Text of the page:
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5 of the Most Underrated Zombie Movies of All Time

Flannel shirts and zombie movies. Those are my only two claims to being ahead of the pop-culture curve.

Decades ago, in flannel shirts, I was sitting alone in empty movie theaters watching zombie movies long before either of those crazes began. Just me and a tub of popcorn and a big-ass grin on my face.

There are so many zombie movies today I don’t even bother to catch them all. Too many, like the recent Army of the Dead, are godawful. As far as The Walking Dead, it was never all that great, but now it’s unwatchable. CGI has made everything too easy, and no one seems to understand what The Mighty George Romero made clear when he invented the flesh-eating genre all the way back in 1968: Your movie has to have something to say without saying it, and your protagonist must be flawed, sometimes fatally.

Here are some under-appreciated zombie gems for your Halloween viewing.

 

  1. Resident Evil: Afterlife (2010)

The fourth entry in this underrated franchise (which is set to be rebooted next month without Milla Jovovich’s sex appeal, so why bother?) finds Alice (Jovovich) crash landing on the roof of a prison surrounded by flesh-eating zombies desperate to gain entry for a feast.

This is my favorite in the franchise, and other than part two (2004’s Apocalypse), it’s the purest zombie chapter in the bunch. Ali Larter, Wentworth Miller (who knows something about prisons), and Kim Coates lend their able support in a very cool-looking and legitimately tense R-rated zombie-a-thon.

 

  1. Diary of the Dead (2007)

The Mighty George Romero’s fourth zombie entry follows a group of college filmmakers as they not only attempt to make their way through the first stages of the Zombie Apocalypse but try to film and make sense of it.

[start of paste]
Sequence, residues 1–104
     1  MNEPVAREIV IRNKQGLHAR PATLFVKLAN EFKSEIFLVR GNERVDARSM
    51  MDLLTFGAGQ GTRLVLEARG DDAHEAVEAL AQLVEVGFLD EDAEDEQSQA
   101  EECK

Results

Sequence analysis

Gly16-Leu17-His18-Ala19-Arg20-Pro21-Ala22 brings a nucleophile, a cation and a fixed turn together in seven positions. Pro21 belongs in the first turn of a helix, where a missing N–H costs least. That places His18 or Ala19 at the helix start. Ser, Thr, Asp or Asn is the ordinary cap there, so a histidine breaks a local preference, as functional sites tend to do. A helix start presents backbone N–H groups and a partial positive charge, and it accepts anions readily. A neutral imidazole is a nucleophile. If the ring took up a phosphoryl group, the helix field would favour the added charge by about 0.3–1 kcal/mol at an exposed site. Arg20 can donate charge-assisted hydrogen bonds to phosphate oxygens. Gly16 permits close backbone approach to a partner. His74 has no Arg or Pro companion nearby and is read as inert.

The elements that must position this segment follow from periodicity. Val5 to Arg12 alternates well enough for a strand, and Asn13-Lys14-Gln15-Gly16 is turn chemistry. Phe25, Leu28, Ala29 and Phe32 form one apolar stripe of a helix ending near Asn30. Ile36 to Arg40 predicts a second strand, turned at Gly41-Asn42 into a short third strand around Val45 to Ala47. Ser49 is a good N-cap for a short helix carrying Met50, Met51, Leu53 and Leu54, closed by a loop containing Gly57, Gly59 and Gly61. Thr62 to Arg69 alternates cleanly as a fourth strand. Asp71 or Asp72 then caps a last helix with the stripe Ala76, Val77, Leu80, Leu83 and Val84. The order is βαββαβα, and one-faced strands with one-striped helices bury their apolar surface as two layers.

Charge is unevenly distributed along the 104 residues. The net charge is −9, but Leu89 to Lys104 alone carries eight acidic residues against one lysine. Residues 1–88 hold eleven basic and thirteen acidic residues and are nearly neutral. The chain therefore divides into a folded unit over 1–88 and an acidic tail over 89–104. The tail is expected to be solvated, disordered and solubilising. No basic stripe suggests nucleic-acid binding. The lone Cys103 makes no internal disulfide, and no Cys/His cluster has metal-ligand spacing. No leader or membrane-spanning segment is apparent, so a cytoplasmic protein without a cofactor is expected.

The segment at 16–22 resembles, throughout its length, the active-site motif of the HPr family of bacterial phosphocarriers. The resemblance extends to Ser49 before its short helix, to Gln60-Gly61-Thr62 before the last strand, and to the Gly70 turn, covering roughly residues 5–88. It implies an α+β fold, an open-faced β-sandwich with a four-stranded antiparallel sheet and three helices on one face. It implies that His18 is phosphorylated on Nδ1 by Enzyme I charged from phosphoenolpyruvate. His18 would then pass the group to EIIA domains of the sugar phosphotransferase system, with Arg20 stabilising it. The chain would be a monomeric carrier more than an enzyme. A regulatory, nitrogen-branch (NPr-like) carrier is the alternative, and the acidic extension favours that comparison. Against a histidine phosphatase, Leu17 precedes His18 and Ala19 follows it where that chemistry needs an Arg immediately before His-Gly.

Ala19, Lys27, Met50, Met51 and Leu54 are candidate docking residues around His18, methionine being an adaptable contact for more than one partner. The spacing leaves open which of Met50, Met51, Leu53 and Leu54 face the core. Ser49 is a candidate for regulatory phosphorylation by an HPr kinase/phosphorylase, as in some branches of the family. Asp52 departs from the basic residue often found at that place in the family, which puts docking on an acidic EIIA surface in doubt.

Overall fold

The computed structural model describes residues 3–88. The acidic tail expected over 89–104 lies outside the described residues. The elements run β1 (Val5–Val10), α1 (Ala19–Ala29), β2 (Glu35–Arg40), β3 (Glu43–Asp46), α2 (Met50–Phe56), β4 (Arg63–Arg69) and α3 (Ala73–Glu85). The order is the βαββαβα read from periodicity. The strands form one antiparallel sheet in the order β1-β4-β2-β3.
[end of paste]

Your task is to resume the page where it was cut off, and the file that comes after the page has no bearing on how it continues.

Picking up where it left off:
At first, I hated this movie. Hated it! Now, thanks to Romero’s secret thematic sauce, I love it as much as his previous three. Forget the found-footage conceit. Not only is Diary terrifying in spots, Romero was way ahead of the curve when it comes to social media. He not only understood its cancerous effects on society but on the human spirit.

 

  1. Return of the Living Dead III (1993)

The Return of the Living Dead franchise is now 36 years old and offers five chapters. Unfortunately, the final two are total crap. The first is a masterpiece. The second is okay. The third is something truly special.

If you’re looking for apocalyptic scope, this is not the movie for you. Return III is a low-budget entry filmed on backlots and soundstages. This means the money went where it’s supposed to go: into the stunning practical effects and in-camera gore no computer will ever come close to recreating.

Curt (J. Trevor Edmond) and Julie (Melinda Clarke) are young and desperately in love. But thanks to his father’s connection to ongoing military experiments using the deceased, after Julie dies in a motorcycle accident, Curt brings her back to life.

The only connection to the original Return is the use of Trioxin, but that should tell you all you need to know about what happens next.

Melinda Clarke is the whole show. She’s absolutely stunning as a young woman in love slowly losing herself to after-death appetites. When she opens a door and steps out transformed, it is one of the greatest moments in all of zombie history, an actual horror moment, and it’s Clarke who turns what could have been camp into an unforgettable chiller.

 

  1. Night of the Comet (1984)

Valley Girls. Apocalypse. Zombies.

Need I say more?

Okay, I’ll say a little more…

Outside of being entertaining, what I love about Night of the Comet is its atmosphere. With only a $700,000 budget to work with, director Thom Eberhardt and his cinematographer, Arthur Albert, do an unforgettable job of creating a post-apocalyptic atmosphere using color, light, and camera angles.

 

  1. Night of the Living Dead (1990)

George Romero wrote the screenplay for this remake of his 1968 masterpiece, but handed directing duties over to Tom Savini, the special effects genius who made Romero’s Dawn of the Dead (1978) and Day of the Dead (1985) so mind-stoppingly realistic.

At the time, Savini’s remake was savaged by critics as an unnecessary and cynical cash-grab, but the distance of time has gained it the reputation it deserves. Yes, it’s a pretty straightforward remake, but it’s a supremely well-directed one filled with tension and superb effects.

Most of all, it’s a bloody good time.

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